The recent school shooting at Stoneman Douglas High School in Florida has sent shockwaves throughout the country and sparked a national debate about gun control. California already has some of the strictest gun laws in the country, but lawmakers are proposing 10 new gun laws in the wake of this school shooting.
Expanding the Definition of Assault Rifles in California
One important proposed gun law is Assembly Bill 1135, which would expand the definition of “assault weapon” in California. High-powered semi-automatic rifles without fixed magazines would be considered assault rifles under these proposed laws, but most .22 rifles would be excluded.
Firearm Fees to Fund Safety in Schools
Assembly Bill 2497, authored by Assemblyman Jim Cooper, would impose a tax on purchases of guns or ammo in California. These fees would go toward funding more counselors and safety officers in schools.
Expanding Gun Violence Restraining Orders Requirements
In 2014, California passed a “gun violence restraining order” law, which allows family members and law enforcement to petition the court for an order prohibiting someone who poses a threat to themselves or others from purchasing or owning firearms for up to one year. Assemblyman Phil Ting recently proposed a law that would expand the list of people who can file a petition for a gun violence restraining order to include employers, co-workers, mental health workers and school staff.
Assemblywoman Blanca Rubio also introduced Assembly Bill 2526, which would allow judges to issue gun violence restraining orders orally based on police statements when immediate action is apparent to avoid an act of gun violence.
Restricting Access to Firearms
Some of the bills introduced by California lawmakers would restrict access to guns for certain people. For example, Rubio authored a bill that would impose a lifetime firearm ban on anyone convicted of misdemeanor domestic violence.
Assembly Bill 1968, proposed by Assemblyman Evan Low, would prohibit anyone who is hospitalized twice under a 5150 hold in a one-year period from possessing or owning a gun. A 5150 hold is an involuntary psychiatric hold for people who pose a risk of harming themselves or others.
A separate bill would allow anyone to add themselves to California’s “do not sell” list, preventing any potential harm those people could impose on themselves or others.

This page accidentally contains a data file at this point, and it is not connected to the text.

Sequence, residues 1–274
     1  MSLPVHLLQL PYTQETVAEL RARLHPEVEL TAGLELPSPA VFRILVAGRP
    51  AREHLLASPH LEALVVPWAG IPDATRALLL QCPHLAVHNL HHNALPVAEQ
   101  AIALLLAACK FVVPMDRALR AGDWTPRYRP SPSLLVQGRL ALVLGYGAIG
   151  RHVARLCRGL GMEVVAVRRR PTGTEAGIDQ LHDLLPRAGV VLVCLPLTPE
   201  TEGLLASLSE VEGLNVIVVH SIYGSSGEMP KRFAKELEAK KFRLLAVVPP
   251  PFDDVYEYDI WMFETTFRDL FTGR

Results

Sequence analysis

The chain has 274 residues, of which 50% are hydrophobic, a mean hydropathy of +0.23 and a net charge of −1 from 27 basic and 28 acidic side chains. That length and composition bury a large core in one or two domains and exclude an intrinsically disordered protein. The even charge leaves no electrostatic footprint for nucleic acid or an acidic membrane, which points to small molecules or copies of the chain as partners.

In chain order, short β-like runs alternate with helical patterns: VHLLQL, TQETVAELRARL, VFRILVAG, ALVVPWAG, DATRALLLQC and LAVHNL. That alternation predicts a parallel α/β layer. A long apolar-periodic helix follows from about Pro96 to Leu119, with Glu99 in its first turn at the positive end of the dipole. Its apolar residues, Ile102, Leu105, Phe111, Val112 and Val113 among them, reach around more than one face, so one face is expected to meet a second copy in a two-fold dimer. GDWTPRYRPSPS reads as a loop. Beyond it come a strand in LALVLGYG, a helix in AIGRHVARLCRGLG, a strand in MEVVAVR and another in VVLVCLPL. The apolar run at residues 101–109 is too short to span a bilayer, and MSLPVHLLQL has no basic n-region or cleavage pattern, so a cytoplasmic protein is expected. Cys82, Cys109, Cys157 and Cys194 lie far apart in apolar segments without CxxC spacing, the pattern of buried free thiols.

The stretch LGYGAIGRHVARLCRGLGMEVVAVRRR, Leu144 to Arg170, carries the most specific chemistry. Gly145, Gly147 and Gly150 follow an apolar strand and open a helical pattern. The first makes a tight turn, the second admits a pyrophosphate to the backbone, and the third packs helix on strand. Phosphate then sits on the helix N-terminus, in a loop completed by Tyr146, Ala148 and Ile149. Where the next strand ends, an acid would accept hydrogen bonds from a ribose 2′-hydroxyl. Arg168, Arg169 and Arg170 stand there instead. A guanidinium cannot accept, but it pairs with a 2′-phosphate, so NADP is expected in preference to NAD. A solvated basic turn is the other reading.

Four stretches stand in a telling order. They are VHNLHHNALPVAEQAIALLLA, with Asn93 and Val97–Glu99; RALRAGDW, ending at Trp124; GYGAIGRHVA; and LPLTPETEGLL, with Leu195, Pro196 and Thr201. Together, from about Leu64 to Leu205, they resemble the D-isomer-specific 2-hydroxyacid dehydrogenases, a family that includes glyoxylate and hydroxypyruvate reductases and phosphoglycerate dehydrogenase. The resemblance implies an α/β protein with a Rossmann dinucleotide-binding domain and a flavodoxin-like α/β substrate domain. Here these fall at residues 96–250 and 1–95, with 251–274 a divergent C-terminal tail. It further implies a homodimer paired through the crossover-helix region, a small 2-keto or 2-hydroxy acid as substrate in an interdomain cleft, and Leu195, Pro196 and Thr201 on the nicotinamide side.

Proposing Changes to Firearm Sales
Other proposed laws would impact sales of firearms and what happens before and after you purchase a gun.
Anyone who wishes to purchase any key part that could be used to assemble an assault weapon would be subject to a background check under Assembly Bill 1673.
Assembly Bill 1903 would prohibit any city, county or state agency from giving out gift cards from retailers who sell guns or ammunition in exchange for voluntarily returning old weapons.
Assemblyman Bill Quirk introduced Assembly Bill 2222, which would require law enforcement agencies to store information regarding recovered firearms in a state database. Under a separate proposed law, agencies would be required to send bullet cases to a central registry in hopes that they could be linked with other guns or crime scenes.
What Happens Next?
At this time, these proposed laws are nothing more than “proposed” laws. All of these bills must go through a long process before they become laws, so it is possible that they do not become laws.
If you are a gun owner in California, it is important to keep with these laws and stay informed about how changes in the law might affect your right to own or purchase particular firearms and ammunition. Bookmark this blog or follow Wallin & Klarich on Facebook for the latest updates.
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